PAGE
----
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The 12th Annual KNBT Americana Jam
by Haley Forehand

92.1 FM Radio New BraunfelsFor the folks at KNBT radio in New Braunfels, Texas, and those that frequent the legendary old dance hall that holds down the main street in the historic downtown district of Gruene, Texas, a day filled with outstanding music, and a line-up which includes more than a couple of big names is not an uncommon occurrence. Such was the case on a hot Sunday afternoon in late May when KNBT 92.1 FM radio hosted the 12th Annual KNBT Americana Music Jam at one of Texas music’s hottest joints, Gruene Hall. Temperatures soared into the mid 90s, and the air was thick with the Texas Hill Country heat, but that didn’t stop fans - and artists- from flooding into the gates and through the doors of the old hall. The small dance hall, usually holding just over 400 people was busting at the seams, its guests covering every square inch of its old floors and benches, and spilling out into the grounds and under the oak trees outside its doors. Strolling around outside, with the sounds of an electric guitar or maybe the sweet melodies of a harmonica drifting out into the sticky Texas air, one might catch a hint of a sizzling Texas burger or the glimpse of face that is usually seen from this side of the microphone, as fans and artists alike ambled around the grounds, taking in the uniqueness of the day’s events.

In years past, the Jam’s stage has played host to some of the best names in the business, and this year was no exception. The powerhouse line-up included Zack Walther and the Cronkites, Corb Lund, Scott Miller, Bleu Edmonson, Tom Gillam, The Band of Heathens, Wade Bowen, Walt Wilkins, Stoney Larue, Mickey and the Motorcars, Reckless Kelly, Hayes Carll, Cody Canada, and Robert Earl Keen. The Jam, as always, is entirely a benefit concert, and artists play free of charge, raising money for an array of charities and organizations. It was estimated that this year’s proceeds would be in excess of $60,000, all of which would go to the benefit of the Comal County Junior Livestock Association and SANE (sexual assault nurse examiner) Program.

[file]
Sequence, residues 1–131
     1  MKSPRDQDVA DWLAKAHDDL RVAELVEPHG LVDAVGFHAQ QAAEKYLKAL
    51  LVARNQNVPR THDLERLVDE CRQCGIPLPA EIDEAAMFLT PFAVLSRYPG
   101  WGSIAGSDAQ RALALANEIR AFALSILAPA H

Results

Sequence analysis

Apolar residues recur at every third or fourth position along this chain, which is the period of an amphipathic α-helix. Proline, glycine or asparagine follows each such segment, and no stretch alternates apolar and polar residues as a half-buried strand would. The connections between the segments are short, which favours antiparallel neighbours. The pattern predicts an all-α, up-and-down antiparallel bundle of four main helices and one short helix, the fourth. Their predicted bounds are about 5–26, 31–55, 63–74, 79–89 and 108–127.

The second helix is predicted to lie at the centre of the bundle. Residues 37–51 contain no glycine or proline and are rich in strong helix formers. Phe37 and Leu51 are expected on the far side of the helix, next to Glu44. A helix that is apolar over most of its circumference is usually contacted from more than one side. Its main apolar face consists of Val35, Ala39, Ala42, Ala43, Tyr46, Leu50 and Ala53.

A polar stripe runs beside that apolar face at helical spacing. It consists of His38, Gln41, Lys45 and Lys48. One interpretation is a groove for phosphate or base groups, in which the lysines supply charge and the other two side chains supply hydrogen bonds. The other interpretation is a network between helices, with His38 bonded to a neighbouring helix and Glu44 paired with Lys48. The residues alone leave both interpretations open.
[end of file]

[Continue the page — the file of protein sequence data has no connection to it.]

Following the mold of years before, the day was packed with rocking performances and an energy, the likes of which is rarely seen outside the walls of this old dance hall. Wade Bowen, as always, engaged his audience in charismatic performance, delivering stellar guitar riffs alongside lead guitarist Garry Wooten and new bass and back up vocalist, Caleb Jones. Blue Edmonson followed Bowen, changing up the vibe a little bit with some rocker tunes and his own version of Wade’s single “Resurrection.”

By the time Walt Wilkins took the stage, the Shiner Bock was flowing, and the jam session was in full swing. Walt and the Mystiqueros rocked the crowd with a moving performance and narrations of some of his favorite songs. Solid performances from Mickey and the Motorcars and Hayes Carll followed, Hayes telling the crowd how honored he was to be playing on the stage. His first experience with the Jam was several years back as a fan. He said to himself, “I’d like to do that sometime.” The rest is history.

Cody Canada, lead singer and front man of Cross Canadian Ragweed left the rest of his band, which was at the time touring in Colorado, and flew in to New Braunfels for the jam. Slipping his guitar strap over his shoulder he told the crowd “If you all knew how much I hate to fly, you’d realize what a big deal that was!” Canada played a brief but sweet acoustic set, then accompanied long-time friends Reckless Kelly to open the show with their hit, “Crazy Eddie’s Last Hurrah,” which Ragweed covered on their Live and Loud at Billy Bob’s album in 2002. The boys of Reckless Kelly who have a new album out on June 24th were joined by younger brother and lead singer of Micky and the Motorcars, Micky Braun midway through their show. The Braun brothers rocked on in pure Reckless Kelly style, priming the audience for a killer performance by Stoney Larue. Larue and his band jammed as only they can do, and Canada again took the stage joining Stoney and his crew for the second half of their set, playing songs the two co-wrote including “Oklahoma” and rocking on into the night with some classic vinyl rewinds.

By the time Robert Earl Keen took the stage, only he could have quenched the fire ignited in the crowd before him. And quench he did. Keen, honoree of the 2008 Steamboat Music Fest Tribute to a Legend, and one of the namesakes of Texas Music still delivers a performance as raw and real as the worn out boots on his feet. Keen played all of his classic favorites and threw in a few surprises, ending the night with a “poet speak” performance that left most everyone in that old dance hall in awe of his sheer genius as a performer and a writer, and longing for their next encounter with this “legend.”

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